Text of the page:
Pair #3, nope, too short. "Well, I guess the first pair was actually the best. I'll take them and leave them on while we shop." We continue talking some more about current events. Montana then proceeds to tell us about the New Balance guarantees, etc.

We had no doubt about the quality of the products and now, thanks to a very knowledgeable service professional, knew more about the organization and had very comfortable shoes. He provided friendly customer service, took plenty of time with us, was congenial and appeared to have very good working knowledge of his customer base -- so to speak.

As he was putting the shoe boxes into the bags, he looked at me and said "Don't be too alarmed when you see the size on the end of the box." Oh, yeah, what size are these? "I put you in a 8D for these shoes." WHAT?! My 7 1/2 Mediums fainted! "But, Ma'am, we have found that New Balance sizes run a bit small." Smile.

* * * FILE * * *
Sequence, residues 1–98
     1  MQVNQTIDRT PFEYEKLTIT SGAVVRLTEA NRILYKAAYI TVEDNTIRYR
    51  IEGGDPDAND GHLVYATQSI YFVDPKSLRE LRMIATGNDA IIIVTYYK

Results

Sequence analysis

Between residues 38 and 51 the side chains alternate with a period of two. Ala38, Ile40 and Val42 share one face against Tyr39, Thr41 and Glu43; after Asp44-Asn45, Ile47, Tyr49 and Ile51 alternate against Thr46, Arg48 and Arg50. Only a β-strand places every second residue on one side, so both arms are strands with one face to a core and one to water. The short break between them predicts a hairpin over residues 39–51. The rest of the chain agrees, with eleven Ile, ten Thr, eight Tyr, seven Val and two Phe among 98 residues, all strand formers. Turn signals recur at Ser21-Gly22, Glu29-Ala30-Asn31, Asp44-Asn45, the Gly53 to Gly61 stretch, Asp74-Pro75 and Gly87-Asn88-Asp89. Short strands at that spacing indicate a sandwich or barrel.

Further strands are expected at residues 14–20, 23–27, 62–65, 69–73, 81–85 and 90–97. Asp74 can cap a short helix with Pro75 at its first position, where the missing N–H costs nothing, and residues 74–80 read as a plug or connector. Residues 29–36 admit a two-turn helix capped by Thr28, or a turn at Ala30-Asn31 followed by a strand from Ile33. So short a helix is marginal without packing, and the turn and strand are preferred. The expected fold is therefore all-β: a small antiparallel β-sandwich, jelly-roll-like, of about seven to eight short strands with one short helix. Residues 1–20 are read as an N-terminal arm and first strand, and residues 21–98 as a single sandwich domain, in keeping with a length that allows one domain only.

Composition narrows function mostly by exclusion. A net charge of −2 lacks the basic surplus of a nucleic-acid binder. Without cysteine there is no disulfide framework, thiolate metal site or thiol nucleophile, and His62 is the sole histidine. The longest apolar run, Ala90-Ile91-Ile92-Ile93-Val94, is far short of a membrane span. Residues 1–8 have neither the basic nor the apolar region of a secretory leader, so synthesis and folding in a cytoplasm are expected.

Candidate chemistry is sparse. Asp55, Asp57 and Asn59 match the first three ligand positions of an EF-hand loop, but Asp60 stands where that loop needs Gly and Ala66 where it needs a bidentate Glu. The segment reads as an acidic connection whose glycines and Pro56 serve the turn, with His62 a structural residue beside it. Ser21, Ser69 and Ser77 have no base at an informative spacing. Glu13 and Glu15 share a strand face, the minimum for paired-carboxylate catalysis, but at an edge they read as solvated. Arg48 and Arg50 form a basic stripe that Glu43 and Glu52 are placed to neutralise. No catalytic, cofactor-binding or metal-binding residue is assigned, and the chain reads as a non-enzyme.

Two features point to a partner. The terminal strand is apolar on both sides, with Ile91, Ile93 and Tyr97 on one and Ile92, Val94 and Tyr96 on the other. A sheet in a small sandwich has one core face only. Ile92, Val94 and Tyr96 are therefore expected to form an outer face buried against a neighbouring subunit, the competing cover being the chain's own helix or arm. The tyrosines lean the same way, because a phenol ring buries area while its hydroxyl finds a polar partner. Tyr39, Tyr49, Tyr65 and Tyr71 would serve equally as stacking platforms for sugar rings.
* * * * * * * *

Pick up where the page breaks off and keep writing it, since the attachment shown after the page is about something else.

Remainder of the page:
Moral of this story: with age comes the desire for comfort over the number on the shoe box. But if they ever start putting the size directly on the outside of the shoe ---- I'm moving to the beach and going barefoot!


Linda said...

"Honey, nobody's evah gonna know what that little lable on the inside say! Wear it like it's a 6"

That comment pertained to a dress, but the message is the same. You know what they say - if the shoe fits...rock it!

Oh and by the way - since you used his whole and proper name, the subject of your lovely tribute very well COULD read it, if he Googled himself, as many young people - or their dates do!

P.S. I've tagged you for a meme. That means you have to go to my site and read and follow the instructions!

Brown's New Balance said...

Do your shoes still feel fabulous? I am sure they do. Just wanted to say thank you for representing one of my fellow employees so well on your blog. And wanted to ask if we could use your blog on my blog site as well? www.brownsnewbalance.blogspot.com
Thank you again.